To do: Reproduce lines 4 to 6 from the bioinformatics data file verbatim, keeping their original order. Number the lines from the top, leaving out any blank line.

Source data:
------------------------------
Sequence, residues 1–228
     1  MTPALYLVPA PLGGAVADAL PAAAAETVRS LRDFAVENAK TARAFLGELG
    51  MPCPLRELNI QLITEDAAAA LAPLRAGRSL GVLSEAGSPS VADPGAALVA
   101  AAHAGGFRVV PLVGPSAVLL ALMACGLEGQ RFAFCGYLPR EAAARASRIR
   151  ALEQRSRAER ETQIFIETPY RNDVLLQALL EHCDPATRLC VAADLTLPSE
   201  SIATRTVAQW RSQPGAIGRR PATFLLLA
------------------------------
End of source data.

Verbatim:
   101  AAHAGGFRVV PLVGPSAVLL ALMACGLEGQ RFAFCGYLPR EAAARASRIR
   151  ALEQRSRAER ETQIFIETPY RNDVLLQALL EHCDPATRLC VAADLTLPSE
   201  SIATRTVAQW RSQPGAIGRR PATFLLLA